Chapter

Winstanley, Hobbes, and the Sin of the World

Denys Turner

in Radical Christian Voices and Practice

Published in print January 2012 | ISBN: 9780199599776
Published online May 2012 | e-ISBN: 9780191738340 | DOI: http://dx.doi.org/10.1093/acprof:oso/9780199599776.003.0009
Winstanley, Hobbes, and the Sin of the World

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This chapter contrasts the ways in which Hobbes and Winstanley construe the relationship between sin, politics, and the state of nature. They are mirror-images each of the other. For Hobbes the natural condition of conflict over property leads to the artificial construction of civil society and civil government. For Winstanley it is civil government’s obedience to the interests of property that is the cause of conflict and enmity between people. In both casse, religion plays a role, in Hobbes in Erastian subordination to the absolute power of the sovereign, in Winstanley in restoring original peace through the abolition of all property. It is argued that both are one-sided inversions of their opposites and that a true Christian politics is to be understood in terms of the last enemy, which is not sin, but death, and therefore in terms of the martyr as paradigm.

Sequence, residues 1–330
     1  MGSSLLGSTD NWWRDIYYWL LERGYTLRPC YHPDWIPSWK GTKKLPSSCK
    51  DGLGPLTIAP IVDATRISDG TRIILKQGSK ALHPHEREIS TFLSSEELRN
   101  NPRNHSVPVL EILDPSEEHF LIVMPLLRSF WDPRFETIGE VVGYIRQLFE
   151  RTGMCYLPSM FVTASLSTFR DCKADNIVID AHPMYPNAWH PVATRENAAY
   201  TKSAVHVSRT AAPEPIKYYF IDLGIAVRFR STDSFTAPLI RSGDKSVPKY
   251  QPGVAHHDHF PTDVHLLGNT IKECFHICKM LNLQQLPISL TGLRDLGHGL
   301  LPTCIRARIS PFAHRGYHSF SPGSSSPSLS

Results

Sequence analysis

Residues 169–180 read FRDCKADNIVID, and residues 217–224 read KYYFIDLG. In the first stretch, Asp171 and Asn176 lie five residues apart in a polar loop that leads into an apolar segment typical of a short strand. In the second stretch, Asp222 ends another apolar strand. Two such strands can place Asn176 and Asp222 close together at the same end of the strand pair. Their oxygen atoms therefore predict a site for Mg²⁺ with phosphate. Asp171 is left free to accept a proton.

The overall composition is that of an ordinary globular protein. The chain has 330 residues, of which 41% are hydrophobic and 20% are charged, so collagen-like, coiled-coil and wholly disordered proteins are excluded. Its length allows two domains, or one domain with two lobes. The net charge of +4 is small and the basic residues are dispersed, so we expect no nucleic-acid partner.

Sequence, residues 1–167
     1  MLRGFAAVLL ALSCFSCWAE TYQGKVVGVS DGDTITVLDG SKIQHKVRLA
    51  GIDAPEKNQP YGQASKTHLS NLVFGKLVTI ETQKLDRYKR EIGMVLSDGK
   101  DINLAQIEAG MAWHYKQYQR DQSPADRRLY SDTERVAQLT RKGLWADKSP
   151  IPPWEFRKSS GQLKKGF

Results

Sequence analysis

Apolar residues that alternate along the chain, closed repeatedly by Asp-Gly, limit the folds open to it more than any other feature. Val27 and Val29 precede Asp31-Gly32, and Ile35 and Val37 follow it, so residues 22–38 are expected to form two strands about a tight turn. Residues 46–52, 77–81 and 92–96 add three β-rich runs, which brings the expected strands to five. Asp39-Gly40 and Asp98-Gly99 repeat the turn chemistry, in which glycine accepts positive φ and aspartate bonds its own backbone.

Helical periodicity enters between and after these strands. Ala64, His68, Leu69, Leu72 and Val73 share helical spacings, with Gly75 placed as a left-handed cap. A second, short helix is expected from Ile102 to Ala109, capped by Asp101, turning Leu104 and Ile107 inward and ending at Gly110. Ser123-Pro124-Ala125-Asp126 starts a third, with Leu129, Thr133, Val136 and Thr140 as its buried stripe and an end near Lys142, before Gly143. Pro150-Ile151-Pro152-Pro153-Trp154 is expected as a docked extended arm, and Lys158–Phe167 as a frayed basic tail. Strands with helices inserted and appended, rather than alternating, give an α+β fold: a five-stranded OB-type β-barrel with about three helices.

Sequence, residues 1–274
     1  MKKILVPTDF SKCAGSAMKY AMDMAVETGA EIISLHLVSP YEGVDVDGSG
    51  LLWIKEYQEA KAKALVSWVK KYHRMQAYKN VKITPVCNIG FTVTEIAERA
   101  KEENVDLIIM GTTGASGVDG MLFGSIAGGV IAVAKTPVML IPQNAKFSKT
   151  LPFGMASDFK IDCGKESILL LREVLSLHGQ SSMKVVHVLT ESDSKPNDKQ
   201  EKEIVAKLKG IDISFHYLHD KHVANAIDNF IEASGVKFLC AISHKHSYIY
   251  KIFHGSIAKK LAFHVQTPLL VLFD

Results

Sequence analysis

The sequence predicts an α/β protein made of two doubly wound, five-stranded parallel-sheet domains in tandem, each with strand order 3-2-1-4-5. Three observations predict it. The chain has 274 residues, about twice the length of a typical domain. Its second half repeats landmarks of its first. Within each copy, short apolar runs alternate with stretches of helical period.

Keywords: Conflict; death; Hobbes; martyr; politics; property; sin; Winstanley

Chapter.  7239 words. 

Subjects: Biblical Studies

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